Do Big Settlements Deter Police Misconducct? Probably Not


The $6.4 million that Baltimore has agreed to pay the family of Freddie Gray to head off a potential wrongful death civil lawsuit is the latest example of a trend that is gaining momentum, reports the Christian Science Monitor. By one analysis, the settlement money paid out by the 10 American cities with the largest police forces increased by 48 percent from 2010 to 2014, to nearly $250 million. Data on the topic are patchy, and the circumstances of each payout are unique, but the sheer amount of money raises questions about whether the settlements are sending the right message to police departments.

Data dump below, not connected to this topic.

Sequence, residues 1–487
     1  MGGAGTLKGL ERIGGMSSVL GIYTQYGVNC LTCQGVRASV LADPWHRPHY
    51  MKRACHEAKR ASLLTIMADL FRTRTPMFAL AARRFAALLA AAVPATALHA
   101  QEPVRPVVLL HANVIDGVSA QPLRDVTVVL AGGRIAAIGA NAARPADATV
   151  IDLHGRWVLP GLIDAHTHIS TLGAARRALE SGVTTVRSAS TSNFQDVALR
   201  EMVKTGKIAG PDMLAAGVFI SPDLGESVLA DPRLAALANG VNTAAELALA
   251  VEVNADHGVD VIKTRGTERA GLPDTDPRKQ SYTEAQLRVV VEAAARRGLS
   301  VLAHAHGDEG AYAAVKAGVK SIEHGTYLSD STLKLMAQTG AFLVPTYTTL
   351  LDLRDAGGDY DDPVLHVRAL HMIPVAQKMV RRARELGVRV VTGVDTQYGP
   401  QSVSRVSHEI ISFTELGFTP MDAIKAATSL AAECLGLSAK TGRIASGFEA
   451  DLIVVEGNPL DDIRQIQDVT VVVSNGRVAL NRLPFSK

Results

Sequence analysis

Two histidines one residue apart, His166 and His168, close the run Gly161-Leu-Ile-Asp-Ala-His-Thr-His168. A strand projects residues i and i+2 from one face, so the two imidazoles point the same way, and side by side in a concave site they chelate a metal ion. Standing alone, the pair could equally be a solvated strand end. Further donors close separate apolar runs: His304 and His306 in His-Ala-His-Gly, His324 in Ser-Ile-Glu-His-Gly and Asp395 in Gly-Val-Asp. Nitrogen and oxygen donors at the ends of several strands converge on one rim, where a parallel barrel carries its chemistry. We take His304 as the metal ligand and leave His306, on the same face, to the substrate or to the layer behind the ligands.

While the purpose of a settlement is, first and foremost, to resolve a civil rights lawsuit that may be imminent or ongoing, it can also serve larger purposes – in particular, grabbing the attention of the police department and stimulating reform, experts say. Some police departments have implemented significant reforms in response to large settlements, but the recent trend suggests that message often might not be getting through. Do payouts deter police misconduct? “Unfortunately that doesn't seem to be the case. It doesn't seem to be a very effective tool for widespread reform,” says Kami Chavis-Simmons, a former assistant United States attorney who teaches at the Wake Forest University School of Law.

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